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Various obstacles keeping Wichita State out of Mountain West

August 1, 2016 Updated: August 2, 2016 at 7:18 am
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photo - Wichita State head coach Gregg Marshall in the second half during the first round of the NCAA college men's basketball tournament in Providence, R.I., Thursday, March 17, 2016. Wichita State defeated Arizona 65-55. (AP Photo/Charles Krupa)
Wichita State head coach Gregg Marshall in the second half during the first round of the NCAA college men's basketball tournament in Providence, R.I., Thursday, March 17, 2016. Wichita State defeated Arizona 65-55. (AP Photo/Charles Krupa) 

It would appear that Wichita State’s chances of joining the Mountain West in some format are hindered as much by its history as by the fact that it doesn’t have football.

Yes, football is the most visible and obvious issue. When asked about the likelihood of the Mountain West bringing the Shockers into the league, commissioner Craig Thompson said it was unlikely and that having a football program is “important.” 

“I don’t imagine the highest candidacy being a program that doesn’t play football,” Thompson said at Mountain West Media Days.

Wichita State hasn’t played football since 1986, though it did recently launch a feasibility study to consider bringing it back.

The Colorado Springs-based Mountain West has 12 football-playing institutions and 11 in other sports, including basketball, because Hawaii is a member only in football. Because Wichita State has expressed interest in joining the conference according to a report from CBS Sports, and because of its geographic proximity to the Front Range, and because of its recent run of basketball success (five straight NCAA Tournament appearances and a Final Four in 2013), it would seem logical to bring the Shockers aboard to give an even 12 teams and split basketball into divisions like the league does in football. The MW could consider adding Wichita State as an affiliate member the way Colorado College is in women’s soccer, therefore not cutting into the football money distribution.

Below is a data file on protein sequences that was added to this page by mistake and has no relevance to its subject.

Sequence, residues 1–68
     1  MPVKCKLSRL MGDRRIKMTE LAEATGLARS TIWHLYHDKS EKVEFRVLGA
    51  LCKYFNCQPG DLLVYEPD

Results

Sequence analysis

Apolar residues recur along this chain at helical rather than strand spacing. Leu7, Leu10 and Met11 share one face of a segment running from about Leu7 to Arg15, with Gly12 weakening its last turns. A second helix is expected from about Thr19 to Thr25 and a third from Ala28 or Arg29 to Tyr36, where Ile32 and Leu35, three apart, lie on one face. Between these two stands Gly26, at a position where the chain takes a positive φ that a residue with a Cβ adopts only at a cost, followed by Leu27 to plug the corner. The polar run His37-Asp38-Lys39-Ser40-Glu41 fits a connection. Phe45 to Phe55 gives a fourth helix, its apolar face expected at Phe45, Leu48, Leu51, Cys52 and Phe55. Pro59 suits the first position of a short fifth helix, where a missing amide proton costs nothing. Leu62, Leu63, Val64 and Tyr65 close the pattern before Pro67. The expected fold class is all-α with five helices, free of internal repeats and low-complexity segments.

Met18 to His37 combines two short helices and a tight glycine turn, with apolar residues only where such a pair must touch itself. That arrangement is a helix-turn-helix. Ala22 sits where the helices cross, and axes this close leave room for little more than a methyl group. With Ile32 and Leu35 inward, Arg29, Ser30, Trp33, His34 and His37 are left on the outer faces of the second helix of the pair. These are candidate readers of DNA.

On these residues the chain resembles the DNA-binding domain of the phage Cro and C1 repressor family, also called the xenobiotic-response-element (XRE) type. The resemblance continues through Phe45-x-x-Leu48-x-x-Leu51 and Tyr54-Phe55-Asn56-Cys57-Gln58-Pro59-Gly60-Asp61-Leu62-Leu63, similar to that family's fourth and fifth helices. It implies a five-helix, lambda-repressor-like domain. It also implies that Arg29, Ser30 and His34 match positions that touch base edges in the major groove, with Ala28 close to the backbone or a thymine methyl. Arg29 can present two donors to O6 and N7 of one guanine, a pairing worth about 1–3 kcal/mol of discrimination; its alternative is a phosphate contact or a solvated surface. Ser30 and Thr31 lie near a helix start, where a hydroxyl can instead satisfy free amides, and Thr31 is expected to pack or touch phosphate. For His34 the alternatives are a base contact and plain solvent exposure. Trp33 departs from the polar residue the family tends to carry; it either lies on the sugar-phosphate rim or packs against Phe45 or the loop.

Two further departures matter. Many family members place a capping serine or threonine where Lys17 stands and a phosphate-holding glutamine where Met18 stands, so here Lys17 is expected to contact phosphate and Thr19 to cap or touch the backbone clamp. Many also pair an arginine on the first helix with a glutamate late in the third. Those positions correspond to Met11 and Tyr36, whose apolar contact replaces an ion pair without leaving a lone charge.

The addition of the Shockers would instantly boost the Mountain West's status in basketball. Surely there would be a way to monetize basketball matchups like Wichita State vs. New Mexico, San Diego State or UNLV (among others), right?

Thompson didn’t disagree with that point, but there’s a bigger picture to consider when evaluating basketball revenue. NCAA Tournament payouts are given to conferences on six-year cycles, which helped the Mountain West cash in on runs by BYU and Utah after they had left.

Bringing Wichita State aboard would mean any success in the next few years would still benefit the Missouri Valley Conference.

Saying he wasn’t necessarily talking about Wichita State, Thompson said looking beyond those next few years would be a consideration the Mountain West would have to make when evaluating the potential of adding a new member, particularly a school without football.

“You look at the history of a program,” Thompson said. “Had they been that consistent for 75 years of five years? A coach is hot, he’s phenomenal, he’s on everyone’s list. Is he going to be there? Or is he going to be gone in two years. Those are all issues.”

It’s an interesting point to consider, particularly since Wichita State made just one tournament appearance between 1988 and 2012 and won the Missouri Valley regular-season title just once between 1983 and 2012.

The discussion illustrates the importance of football money. If a program had enjoyed a run like the Shockers are on under coach Gregg Marshall in football, they would be at the top of Big 12 expansion lists right now. Because it’s in basketball, the demand seems minimal.

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